The death of the library

Yesterday the Arts Council England (ACE) released their report into community libraries and their role in public library service provision (I am not wholly satisfied with the term “community libraries” for a whole host of reasons, I would certainly like to hear of more suitable alternatives).  Community Libraries; Learning from experience: summary briefing for local authorities is manna from heaven for the government, effectively validating the view that public libraries can be central to the government’s Big Society experiment (the experiment that penalises tax payers by making them run a service that they are paying for their local authority to run – a malevolent DIY if you will).  Indeed, Eric Pickles embraced the report wholeheartedly:

“This report shows that localism is alive and well with more people and local groups playing a bigger part than ever before in providing local services whilst also saving taxpayers money. Libraries can be at the very heart of any neighbourhood and this research shows the kind of contribution active communities can make.

“Councils need to be making it as easy as possible for people to take over buildings and services that are valued by the local community, which is why this government’s Localism Act introduced its new community rights.”

So far, so depressing.

Now, I have had a particular interest in this report and the message it sends both to national government and local authorities. I choose, as part of my Masters, to study community libraries and their impact on the digital divide.  I chose this topic as I was particularly interested in some of the areas raised by this divide (particularly in terms of social impact) and I had followed closely the rise of community libraries across the country and decided this would be an interesting and valuable area to research. At the time of choosing to focus on this particular area, there was no existing literature on this specific area.  Being a relatively recent phenomenon, there had obviously been little opportunity to explore its impact.  Whilst a Masters dissertation doesn’t allow much scope for solid, in depth research, it at least provided an opportunity for me to dip me toe in the water and conduct some academic research in an area that had mainly been left to commentary in the media.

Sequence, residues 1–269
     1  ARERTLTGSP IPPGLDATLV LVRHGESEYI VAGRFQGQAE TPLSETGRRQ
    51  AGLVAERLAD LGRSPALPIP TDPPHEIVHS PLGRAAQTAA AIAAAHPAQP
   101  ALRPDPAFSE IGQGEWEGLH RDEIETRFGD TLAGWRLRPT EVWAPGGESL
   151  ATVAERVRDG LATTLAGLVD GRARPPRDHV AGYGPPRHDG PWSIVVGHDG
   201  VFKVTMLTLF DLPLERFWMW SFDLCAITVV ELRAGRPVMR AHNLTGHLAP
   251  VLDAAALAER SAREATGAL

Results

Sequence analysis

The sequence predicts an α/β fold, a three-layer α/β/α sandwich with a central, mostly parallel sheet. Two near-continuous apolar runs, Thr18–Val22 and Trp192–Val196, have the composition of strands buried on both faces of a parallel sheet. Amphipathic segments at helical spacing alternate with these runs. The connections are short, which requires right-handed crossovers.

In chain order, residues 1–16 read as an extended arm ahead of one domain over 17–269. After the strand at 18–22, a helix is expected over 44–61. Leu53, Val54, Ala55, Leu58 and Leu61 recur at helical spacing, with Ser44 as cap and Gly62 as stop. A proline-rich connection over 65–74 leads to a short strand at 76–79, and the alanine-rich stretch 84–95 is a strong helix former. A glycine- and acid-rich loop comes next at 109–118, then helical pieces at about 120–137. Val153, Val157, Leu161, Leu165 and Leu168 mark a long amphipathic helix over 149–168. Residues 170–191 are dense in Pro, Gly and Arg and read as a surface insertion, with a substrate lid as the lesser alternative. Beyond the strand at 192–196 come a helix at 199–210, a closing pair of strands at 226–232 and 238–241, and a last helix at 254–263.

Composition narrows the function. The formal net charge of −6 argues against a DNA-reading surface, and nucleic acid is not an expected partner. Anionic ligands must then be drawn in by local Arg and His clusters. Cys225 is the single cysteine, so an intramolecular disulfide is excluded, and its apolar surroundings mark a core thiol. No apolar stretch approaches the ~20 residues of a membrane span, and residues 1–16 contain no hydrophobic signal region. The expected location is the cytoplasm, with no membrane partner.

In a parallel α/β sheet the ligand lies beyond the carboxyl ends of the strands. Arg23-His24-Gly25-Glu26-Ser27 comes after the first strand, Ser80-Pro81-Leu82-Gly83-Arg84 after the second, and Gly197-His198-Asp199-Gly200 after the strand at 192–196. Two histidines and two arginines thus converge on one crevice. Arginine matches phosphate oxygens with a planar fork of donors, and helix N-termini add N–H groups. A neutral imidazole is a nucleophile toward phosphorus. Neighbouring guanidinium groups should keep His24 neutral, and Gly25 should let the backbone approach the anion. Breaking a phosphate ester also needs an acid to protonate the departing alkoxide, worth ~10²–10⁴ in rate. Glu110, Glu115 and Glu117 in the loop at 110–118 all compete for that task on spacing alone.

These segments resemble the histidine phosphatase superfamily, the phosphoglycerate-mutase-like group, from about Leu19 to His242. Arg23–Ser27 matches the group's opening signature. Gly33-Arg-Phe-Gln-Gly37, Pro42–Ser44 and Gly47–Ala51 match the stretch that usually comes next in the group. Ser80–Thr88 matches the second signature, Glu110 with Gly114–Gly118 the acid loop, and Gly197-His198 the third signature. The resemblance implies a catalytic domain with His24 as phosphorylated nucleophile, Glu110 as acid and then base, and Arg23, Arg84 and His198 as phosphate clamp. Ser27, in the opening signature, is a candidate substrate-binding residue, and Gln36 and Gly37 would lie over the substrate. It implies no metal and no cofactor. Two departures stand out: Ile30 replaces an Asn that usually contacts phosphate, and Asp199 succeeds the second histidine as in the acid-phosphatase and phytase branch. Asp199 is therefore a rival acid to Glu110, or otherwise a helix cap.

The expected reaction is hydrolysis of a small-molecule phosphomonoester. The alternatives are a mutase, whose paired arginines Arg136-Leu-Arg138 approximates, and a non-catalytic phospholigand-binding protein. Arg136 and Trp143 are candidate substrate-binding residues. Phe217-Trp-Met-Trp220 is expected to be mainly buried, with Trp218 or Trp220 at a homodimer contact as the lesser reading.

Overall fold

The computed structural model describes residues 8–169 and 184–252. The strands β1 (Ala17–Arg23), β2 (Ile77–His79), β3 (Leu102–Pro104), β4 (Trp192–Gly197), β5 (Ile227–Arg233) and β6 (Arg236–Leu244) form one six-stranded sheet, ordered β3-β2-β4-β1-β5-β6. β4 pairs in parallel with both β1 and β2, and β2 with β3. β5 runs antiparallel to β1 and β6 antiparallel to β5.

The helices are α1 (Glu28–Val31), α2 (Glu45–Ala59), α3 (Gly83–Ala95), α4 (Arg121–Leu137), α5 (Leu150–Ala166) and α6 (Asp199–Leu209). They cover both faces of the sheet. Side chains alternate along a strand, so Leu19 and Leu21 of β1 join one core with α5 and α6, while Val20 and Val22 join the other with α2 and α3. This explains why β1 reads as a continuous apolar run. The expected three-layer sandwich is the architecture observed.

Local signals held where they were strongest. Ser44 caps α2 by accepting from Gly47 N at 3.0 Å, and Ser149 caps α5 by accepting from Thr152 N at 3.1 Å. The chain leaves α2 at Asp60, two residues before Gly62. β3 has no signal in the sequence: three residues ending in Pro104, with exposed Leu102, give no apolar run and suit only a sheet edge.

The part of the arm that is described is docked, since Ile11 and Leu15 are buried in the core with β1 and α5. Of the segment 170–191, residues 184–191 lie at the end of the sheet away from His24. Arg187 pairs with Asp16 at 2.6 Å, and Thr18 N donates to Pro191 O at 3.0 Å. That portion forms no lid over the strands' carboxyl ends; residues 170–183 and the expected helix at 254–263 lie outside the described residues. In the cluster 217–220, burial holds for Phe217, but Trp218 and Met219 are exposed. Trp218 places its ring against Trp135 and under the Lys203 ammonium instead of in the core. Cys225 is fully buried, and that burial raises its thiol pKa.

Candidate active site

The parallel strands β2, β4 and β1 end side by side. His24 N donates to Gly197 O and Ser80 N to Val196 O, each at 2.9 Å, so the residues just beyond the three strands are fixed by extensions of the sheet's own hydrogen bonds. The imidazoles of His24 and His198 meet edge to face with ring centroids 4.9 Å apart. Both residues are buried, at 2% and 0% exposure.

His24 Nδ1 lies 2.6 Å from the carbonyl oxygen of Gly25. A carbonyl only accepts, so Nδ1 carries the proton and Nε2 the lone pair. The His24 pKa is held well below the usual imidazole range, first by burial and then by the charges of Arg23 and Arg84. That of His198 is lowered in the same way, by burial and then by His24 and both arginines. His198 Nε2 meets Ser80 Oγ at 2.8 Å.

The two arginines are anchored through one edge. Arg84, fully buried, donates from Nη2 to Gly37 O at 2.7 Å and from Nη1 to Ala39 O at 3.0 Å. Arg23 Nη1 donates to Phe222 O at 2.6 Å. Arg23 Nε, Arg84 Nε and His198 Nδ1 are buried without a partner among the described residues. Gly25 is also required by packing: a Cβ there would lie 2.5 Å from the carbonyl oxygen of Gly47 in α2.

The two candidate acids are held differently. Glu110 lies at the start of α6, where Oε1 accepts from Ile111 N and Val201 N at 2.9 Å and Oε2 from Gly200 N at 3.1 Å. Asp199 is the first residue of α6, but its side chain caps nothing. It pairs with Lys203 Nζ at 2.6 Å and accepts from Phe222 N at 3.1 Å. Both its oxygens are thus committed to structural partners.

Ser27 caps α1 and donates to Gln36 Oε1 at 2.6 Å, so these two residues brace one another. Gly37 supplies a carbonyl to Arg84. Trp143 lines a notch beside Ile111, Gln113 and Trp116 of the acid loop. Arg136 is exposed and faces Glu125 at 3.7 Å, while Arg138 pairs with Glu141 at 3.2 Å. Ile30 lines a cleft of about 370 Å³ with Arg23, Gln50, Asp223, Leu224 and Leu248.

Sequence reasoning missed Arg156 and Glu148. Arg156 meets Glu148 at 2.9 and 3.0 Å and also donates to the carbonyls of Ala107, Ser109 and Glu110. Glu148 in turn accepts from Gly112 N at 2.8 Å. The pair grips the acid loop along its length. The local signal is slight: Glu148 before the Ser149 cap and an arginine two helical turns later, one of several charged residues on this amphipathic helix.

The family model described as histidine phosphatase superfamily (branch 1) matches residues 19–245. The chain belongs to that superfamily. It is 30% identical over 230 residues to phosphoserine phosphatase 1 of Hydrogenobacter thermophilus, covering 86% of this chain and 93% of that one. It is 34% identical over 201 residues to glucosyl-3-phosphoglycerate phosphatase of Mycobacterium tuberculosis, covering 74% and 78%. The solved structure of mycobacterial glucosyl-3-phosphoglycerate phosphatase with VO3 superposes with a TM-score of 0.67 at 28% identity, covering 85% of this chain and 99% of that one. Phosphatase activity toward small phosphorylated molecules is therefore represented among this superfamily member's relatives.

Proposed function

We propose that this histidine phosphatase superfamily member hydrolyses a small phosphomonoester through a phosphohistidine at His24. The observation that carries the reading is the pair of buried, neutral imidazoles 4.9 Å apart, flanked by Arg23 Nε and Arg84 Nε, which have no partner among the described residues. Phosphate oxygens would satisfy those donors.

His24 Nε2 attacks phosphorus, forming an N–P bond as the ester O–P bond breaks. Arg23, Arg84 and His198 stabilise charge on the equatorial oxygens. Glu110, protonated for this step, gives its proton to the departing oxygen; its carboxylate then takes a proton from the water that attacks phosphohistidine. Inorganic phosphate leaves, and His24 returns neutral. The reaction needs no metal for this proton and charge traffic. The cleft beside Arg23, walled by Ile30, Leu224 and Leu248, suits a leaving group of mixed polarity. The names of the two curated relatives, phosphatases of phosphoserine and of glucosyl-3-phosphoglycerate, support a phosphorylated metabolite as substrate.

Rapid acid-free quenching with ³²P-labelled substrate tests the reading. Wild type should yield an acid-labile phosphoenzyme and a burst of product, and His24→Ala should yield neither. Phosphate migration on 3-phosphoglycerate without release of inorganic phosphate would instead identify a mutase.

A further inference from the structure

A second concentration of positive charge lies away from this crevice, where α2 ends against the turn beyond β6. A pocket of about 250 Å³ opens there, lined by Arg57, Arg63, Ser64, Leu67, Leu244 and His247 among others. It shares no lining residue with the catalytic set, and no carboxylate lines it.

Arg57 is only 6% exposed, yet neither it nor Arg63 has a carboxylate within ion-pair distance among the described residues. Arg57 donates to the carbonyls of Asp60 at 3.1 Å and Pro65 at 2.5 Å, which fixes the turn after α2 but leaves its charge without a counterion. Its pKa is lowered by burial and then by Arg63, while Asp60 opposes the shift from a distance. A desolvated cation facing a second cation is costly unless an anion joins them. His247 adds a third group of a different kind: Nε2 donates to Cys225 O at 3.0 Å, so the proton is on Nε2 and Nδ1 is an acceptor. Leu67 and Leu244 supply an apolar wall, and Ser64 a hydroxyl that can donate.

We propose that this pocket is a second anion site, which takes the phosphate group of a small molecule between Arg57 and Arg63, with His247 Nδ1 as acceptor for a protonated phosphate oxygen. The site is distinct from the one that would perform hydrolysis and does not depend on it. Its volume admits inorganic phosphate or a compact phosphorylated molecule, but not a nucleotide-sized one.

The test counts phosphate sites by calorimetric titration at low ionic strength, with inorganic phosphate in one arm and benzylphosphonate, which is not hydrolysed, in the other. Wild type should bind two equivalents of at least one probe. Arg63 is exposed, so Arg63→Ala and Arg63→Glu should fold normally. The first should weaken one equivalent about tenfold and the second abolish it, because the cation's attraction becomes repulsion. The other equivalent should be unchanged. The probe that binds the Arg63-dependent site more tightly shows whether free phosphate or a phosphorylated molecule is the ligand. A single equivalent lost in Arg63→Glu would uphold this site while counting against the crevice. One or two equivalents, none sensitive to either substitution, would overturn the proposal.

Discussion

I won’t try to condense a 15,000 word piece of research into one blog post (you can read it here – pdf), but when I consider what I had learnt in the course of conducting this research and compare to both the report and Eric Pickles’ comments, I am very worried about the state of the service and the future it has in store.

In conducting my research, I decided to focus in particular on two very different communities. One that was relatively affluent and one that was in a deprived inner city location.  In many ways, I was unsurprised by what I found.  There was a substantial disparity between the levels of service offered by the two libraries.  In the case of the inner city library, it was clear that the people running it had been put in an impossible situation and were providing the service simply because there was no will in the local authority to continue providing it for them.  As they admitted, there were very good reasons why a library was needed in that particularly neighbourhood and they felt that, with the council intending to close it, they had no choice but to try to preserve it for the local community (I wonder if this is the “localism” that Pickles is referring to).

“…localism is alive and well with more people and local groups playing a bigger part than ever before…”